For over three decades, Gus Van Sant has been the voice of the American outsider. The iconic filmmaker – who is responsible for classics like My Own Private Idaho, Drugstore Cowboy and Elephant – has made a career out of telling his country’s untold tales. “His films flirt with the dreamlike and psychedelic while, paradoxically, embodying what is most human in contemporary cinema,” explains Matthieu Orléan in his new book Icons. “Gus Van Sant is always on the move.”
The book, published by Actes Sud, is an ode to the Kentucky’s director’s formidable career so far. Packed full of sketches, paintings, essays, and (unseen) interviews, it traces Van Sant’s biggest inspirations, as well as offering a vital insight into his creative process.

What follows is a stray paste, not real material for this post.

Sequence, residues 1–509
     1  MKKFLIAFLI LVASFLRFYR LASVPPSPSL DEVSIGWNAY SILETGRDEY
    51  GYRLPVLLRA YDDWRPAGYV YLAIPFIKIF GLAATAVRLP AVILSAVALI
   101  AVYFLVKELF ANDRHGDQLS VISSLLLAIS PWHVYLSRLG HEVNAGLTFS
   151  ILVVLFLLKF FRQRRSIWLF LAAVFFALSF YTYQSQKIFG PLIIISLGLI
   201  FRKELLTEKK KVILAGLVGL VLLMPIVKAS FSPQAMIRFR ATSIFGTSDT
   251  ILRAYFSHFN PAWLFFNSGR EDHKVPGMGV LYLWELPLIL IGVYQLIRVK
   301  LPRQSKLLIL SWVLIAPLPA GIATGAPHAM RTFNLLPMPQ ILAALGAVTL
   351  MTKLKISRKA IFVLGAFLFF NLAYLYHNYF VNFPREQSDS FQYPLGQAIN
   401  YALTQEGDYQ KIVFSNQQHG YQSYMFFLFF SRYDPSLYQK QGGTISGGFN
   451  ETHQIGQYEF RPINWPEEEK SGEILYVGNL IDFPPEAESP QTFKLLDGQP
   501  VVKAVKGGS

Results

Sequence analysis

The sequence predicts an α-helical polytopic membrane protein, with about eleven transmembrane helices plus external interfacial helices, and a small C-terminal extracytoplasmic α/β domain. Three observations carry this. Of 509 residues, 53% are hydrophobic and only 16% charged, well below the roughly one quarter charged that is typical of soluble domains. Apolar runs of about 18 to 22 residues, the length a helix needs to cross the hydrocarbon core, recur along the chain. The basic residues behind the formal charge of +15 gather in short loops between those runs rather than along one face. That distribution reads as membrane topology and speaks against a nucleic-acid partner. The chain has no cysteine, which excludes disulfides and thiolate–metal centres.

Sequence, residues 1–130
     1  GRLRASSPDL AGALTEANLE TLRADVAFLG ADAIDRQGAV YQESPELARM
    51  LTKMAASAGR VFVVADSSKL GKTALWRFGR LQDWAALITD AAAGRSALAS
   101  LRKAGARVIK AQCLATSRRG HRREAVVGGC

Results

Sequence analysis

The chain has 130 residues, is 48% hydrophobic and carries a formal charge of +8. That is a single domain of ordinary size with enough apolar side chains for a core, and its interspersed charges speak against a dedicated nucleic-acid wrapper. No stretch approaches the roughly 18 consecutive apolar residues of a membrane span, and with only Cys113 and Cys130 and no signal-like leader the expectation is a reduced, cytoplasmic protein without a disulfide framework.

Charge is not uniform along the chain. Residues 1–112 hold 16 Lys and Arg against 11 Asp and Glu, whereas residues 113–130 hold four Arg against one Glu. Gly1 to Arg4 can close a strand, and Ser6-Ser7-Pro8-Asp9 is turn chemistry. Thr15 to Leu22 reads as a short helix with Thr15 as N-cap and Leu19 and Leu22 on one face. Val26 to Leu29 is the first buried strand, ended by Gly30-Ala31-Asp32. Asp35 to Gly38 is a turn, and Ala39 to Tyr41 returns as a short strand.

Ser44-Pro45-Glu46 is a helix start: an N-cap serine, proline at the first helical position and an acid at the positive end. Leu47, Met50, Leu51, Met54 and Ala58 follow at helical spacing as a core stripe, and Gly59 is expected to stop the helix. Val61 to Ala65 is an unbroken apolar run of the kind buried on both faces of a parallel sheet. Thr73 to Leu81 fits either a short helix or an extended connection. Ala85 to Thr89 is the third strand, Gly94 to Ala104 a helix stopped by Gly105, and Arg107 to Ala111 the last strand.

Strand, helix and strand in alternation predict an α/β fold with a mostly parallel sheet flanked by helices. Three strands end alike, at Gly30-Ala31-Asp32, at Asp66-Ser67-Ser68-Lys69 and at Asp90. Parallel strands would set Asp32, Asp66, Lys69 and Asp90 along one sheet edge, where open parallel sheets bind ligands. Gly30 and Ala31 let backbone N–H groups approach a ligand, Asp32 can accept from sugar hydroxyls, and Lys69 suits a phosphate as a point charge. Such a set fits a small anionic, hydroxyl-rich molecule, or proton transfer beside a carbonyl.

It also includes a collection of imagery from the filmmaker’s polaroid portrait collection, which includes appearances from some of the actors he’s worked with over the years (Keanu Reeves, Drew Barrymore, Nicole Kidman and Matt Dillon all feature). “Andy Warhol had his Screen Tests to reveal the stars of alternative America,” writes Orléan in the introduction. “Van Sant has his Polaroids.”
Gus Van Sant: Icons is out now. A tie-in exhibition is currently at The Cinémathèque Française in Paris until July 31.